Paired with a very singular wine – a Barboursville Vineyards Reserve Nebbiolo 2012 from Virginia – it makes for a memorable first-date-of-Christmas meal. Why the Nebbiolo? Well, it has the bewitching earth-tobacco-gamy savor of great Nebbiolo (think Barbaresco from Italy) that’s perfect with the lusty earthiness of the beans and the crunchy-silky tenderloin. And, it’s from Enoteca Wine Shop in Calistoga, where the great wine merchant Margaux Singleton’s sublime tastes and discovery talents have made her selections frequent features on our date nights. The wine’s spice notes perfectly parallel the spices in the dry rub John uses on the pork…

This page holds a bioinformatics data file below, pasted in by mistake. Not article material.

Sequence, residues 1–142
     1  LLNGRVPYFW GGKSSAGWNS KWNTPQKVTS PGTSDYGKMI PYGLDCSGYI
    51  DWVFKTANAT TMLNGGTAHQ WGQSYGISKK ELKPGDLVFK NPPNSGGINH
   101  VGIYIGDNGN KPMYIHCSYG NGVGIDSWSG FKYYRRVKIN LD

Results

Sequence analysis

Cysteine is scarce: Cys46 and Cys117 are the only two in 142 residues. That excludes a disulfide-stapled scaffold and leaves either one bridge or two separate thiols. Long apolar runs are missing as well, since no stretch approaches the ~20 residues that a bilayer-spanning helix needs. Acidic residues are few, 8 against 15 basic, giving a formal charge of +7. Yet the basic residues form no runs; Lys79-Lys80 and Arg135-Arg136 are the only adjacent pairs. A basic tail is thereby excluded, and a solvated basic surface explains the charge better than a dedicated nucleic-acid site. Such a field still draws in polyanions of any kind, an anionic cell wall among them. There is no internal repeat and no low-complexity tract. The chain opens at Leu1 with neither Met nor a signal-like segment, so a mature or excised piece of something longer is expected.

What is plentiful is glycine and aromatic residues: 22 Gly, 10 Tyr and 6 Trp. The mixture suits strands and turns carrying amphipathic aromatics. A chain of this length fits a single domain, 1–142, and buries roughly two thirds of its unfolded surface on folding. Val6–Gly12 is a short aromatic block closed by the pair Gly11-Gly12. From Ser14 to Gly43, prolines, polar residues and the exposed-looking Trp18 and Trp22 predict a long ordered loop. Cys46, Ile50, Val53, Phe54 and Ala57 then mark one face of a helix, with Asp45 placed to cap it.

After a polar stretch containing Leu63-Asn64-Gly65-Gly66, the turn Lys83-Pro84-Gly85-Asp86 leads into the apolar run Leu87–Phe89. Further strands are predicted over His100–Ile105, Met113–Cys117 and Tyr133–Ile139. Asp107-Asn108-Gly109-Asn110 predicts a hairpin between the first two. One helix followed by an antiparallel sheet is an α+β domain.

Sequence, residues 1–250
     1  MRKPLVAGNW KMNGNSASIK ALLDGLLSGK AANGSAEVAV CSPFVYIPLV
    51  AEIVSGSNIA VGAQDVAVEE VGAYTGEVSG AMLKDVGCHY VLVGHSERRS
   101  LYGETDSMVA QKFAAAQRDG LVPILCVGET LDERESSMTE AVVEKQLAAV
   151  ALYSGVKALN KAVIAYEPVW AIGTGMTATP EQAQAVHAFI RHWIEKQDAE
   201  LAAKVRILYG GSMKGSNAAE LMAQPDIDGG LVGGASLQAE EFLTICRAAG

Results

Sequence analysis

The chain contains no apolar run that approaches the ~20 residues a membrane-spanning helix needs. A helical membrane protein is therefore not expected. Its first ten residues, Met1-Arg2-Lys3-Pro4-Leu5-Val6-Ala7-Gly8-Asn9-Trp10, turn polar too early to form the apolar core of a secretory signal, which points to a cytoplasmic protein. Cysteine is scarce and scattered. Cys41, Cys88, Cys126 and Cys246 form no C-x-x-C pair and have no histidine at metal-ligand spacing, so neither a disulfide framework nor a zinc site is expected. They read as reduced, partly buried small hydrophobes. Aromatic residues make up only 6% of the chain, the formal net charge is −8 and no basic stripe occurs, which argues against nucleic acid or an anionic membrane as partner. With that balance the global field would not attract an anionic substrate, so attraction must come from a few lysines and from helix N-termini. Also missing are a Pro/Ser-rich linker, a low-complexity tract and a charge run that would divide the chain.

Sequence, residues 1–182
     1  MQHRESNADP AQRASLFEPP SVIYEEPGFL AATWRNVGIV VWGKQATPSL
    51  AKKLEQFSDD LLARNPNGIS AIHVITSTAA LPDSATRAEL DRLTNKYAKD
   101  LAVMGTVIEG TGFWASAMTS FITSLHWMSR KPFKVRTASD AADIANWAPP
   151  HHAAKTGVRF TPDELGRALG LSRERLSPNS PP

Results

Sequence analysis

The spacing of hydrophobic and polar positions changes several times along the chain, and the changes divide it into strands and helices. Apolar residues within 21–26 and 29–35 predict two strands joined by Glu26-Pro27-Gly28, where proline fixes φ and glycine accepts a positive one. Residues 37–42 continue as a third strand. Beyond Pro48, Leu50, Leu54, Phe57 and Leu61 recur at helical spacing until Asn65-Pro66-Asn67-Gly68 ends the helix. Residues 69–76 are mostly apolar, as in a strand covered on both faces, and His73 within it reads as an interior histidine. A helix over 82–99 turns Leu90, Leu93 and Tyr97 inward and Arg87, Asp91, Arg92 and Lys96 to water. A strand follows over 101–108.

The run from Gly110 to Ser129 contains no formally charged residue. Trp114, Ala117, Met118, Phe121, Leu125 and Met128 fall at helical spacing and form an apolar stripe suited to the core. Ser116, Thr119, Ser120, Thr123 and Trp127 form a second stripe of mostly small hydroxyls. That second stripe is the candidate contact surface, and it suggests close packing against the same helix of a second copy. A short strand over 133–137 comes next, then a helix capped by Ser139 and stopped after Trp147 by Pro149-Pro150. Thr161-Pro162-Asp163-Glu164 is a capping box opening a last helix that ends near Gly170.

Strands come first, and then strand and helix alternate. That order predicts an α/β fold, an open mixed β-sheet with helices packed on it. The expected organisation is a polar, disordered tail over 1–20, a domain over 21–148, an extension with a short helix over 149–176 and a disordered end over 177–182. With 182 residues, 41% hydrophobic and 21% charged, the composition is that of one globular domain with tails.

… (and another John tip: season with smoked salt to further enhance the wine affinity), and its bracing acidity helps to pop the flavors in the rub, as well as the bacon-y-earthiness of the beans. Because it’s tenderloin, a hot, quick fire is key to wrapping the meat’s interior tenderness in a crunchy-smoky char. It all adds up to a heavenly marriage between the plate, the glass, and the couple. Here’s to a lusty first date of Christmas (and hopefully, many more to come–the kids’ activities make it a busy time of year so we’ll squeeze in as many “dates of Christmas” as we can!)

A perfect wine and cheese pairing for holiday gifting.